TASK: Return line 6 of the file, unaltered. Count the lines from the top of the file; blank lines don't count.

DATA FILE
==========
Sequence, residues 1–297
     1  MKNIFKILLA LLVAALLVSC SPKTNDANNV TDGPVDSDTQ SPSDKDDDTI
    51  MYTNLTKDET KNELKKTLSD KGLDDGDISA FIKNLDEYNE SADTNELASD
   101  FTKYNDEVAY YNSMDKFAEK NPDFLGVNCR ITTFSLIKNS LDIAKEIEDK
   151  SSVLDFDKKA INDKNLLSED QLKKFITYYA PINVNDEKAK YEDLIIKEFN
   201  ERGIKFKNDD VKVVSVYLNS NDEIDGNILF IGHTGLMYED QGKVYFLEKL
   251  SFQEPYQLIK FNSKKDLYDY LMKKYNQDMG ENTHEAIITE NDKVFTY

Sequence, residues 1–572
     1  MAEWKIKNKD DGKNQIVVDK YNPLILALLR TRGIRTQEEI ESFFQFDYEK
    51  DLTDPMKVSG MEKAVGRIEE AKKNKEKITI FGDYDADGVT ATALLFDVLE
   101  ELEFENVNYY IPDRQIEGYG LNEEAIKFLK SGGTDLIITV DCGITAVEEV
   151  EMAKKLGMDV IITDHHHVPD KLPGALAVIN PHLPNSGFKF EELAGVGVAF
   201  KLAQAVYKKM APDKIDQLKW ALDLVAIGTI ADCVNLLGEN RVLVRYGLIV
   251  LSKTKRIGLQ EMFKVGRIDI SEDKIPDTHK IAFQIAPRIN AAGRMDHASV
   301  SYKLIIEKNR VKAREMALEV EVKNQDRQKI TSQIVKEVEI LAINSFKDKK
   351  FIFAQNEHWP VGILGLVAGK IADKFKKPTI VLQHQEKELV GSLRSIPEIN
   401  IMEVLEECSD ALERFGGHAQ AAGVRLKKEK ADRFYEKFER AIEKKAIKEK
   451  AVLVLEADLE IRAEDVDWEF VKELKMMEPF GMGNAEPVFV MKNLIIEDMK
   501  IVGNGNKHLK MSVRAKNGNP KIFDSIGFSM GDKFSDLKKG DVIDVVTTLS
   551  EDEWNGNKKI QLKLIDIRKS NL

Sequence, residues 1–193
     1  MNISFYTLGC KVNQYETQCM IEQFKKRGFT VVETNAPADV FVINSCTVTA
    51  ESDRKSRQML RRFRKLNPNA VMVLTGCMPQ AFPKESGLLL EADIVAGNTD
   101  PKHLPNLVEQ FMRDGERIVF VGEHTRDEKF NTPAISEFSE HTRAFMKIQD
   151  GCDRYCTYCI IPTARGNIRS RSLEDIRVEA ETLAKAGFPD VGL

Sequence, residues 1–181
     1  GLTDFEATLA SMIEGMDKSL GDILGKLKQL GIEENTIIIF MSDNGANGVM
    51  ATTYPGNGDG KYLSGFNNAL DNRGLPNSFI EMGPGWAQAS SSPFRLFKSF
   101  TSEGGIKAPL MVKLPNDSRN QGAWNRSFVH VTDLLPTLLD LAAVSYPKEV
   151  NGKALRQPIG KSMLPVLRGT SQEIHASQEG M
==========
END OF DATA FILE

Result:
   201  ERGIKFKNDD VKVVSVYLNS NDEIDGNILF IGHTGLMYED QGKVYFLEKL